Leaving London

February 20, 1788 – August 2, 1788

AA to TJ: “I thank you my dear sir for all your kind wishes and prayers. Heaven only knows how we are to be disposed of. You have resided long enough abroad to feel and experience how inadequate our allowance is to our decent expenses, and that it is wholy impossible for any thing to be saved from it. This our countrymen in general will neither know or feel. I have lived long enough, and seen enough of the world, to check expectations, and to bring my mind to my circumstances, and retiring to our own little farm feeding my poultry and improveing my garden has more charms for my fancy, than residing at the court of Saint James’s where I seldom meet with characters so innofensive as my Hens and chicklings, or minds so well improved as my garden.”

This is a charming goodbye from Abigail Adams as she and her husband pack their bags to return to the USofA. But I’m finding Mrs. Adams’s letters a bit melodramatic. It seems unlikely, from what I understand about her intellect and drive, that she would really rather hole up on the farm than forge ahead with Mr. Adams in carving out a new government in the company of the nation’s political elite (plus she manages to get in a dig about JA’s crap paycheck). It’s probably a common refrain among leaders, warriors, and CEOs—and not to say there isn’t some truth in it. Heck, I insist on my desire for a life of hermitude, but I’d probably lose my mind in about two weeks if it actually happened. Kind of reminds me of this:

The New Yorker, March 19, 20122

The previous paragraph leads me to derail the theme and voice some thoughts about vocabulary. “Hermitude” isn’t really a word, is it? What am I looking for? A life of “solitude?” But that doesn’t paint the picture of the ascetic up in a mountain cave that I’m going for. Also, “melodramatic” isn’t really the word I wanted. What I had in mind was the adjective form of “affectation,” which up until just now when I looked in the dictionary, I thought was (and having been using in conversations, at least in my head) “affectatious.” That is not a word either. “Bombastic?” “Pretentious?” I’m a bit horrified that I’ve trained my brain to use “affectatious” (and “hermitude”) when there is no such thing. That’s going to be a tough one to unlearn. As I get older, I find I have a growing fear of being accused of catechresis. OK, no one is going to use that word in a conversation—at least no one I know—but if my friends and acquaintances are anything like me, they may be thinking, “Whoops, he just used the wrong word and doesn’t even know it. What’s the word for doing that?” I could have sworn it was something other than catachresis, too. Please help.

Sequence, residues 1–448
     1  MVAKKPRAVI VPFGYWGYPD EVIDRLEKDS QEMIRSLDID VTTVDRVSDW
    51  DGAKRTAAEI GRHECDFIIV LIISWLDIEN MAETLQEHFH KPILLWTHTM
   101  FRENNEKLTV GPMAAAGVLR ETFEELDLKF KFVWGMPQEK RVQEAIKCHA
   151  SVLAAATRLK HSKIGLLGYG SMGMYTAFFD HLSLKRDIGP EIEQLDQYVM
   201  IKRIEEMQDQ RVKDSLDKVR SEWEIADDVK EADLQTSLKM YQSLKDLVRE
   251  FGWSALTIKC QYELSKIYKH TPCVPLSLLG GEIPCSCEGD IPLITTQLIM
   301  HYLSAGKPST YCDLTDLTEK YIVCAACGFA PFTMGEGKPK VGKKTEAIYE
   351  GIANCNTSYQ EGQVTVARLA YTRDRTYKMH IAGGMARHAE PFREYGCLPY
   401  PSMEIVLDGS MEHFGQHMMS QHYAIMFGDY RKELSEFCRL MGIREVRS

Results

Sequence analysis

To conclude (in case you were wondering), this comes from TJ to JA on August 2, 1788: “I have received with a great deal of pleasure the account of your safe arrival and joyful reception at Boston.”


2 thoughts on “Leaving London

  1. But this much, by AA, “I have lived long enough, and seen enough of the world, to check expectations …” is worth pondering.

    When do enough moments where one says, “wait, I’ve seen this before” or “I’ve heard that before” accumulate with the result that a bit of skepticism rises its head early in a reaction.

    At that watershed point, the struggle becomes an effort to maintain a sense of tolerance, hopefulness and sympathy for others reflections and actions.

    1. Good point. To me, AA seems like one of those people who enjoys using language, meaning that her letters are deliberately dramatic, humorous, and even sarcastic, because she is “crafting” a letter, not just spilling her thoughts. If that is true, I want to maintain some distance. And it is probably true for all three of these people, since especially JA and TJ probably expect their letters to survive for posterity. But it isn’t an excuse to dismiss what they say. I suppose this is the challenge in reading anyone’s letters, historical or not. How much of our real selves are revealed in our written word? Distance and skepticism is good, but I agree that it’s equally important to resist cynicism – and even worse, mockery – and to accept sincerity and true emotion.

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